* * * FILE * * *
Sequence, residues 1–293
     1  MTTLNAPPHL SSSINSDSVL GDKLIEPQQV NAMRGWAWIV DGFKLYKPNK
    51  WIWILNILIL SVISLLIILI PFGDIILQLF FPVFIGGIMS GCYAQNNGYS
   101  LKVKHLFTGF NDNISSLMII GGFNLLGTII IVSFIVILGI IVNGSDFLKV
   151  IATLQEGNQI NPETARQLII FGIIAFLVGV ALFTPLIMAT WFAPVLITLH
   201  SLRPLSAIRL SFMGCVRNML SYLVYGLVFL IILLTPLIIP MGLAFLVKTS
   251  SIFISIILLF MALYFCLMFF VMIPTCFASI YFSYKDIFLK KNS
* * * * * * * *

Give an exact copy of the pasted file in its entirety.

Sequence, residues 1–293
     1  MTTLNAPPHL SSSINSDSVL GDKLIEPQQV NAMRGWAWIV DGFKLYKPNK
    51  WIWILNILIL SVISLLIILI PFGDIILQLF FPVFIGGIMS GCYAQNNGYS
   101  LKVKHLFTGF NDNISSLMII GGFNLLGTII IVSFIVILGI IVNGSDFLKV
   151  IATLQEGNQI NPETARQLII FGIIAFLVGV ALFTPLIMAT WFAPVLITLH
   201  SLRPLSAIRL SFMGCVRNML SYLVYGLVFL IILLTPLIIP MGLAFLVKTS
   251  SIFISIILLF MALYFCLMFF VMIPTCFASI YFSYKDIFLK KNS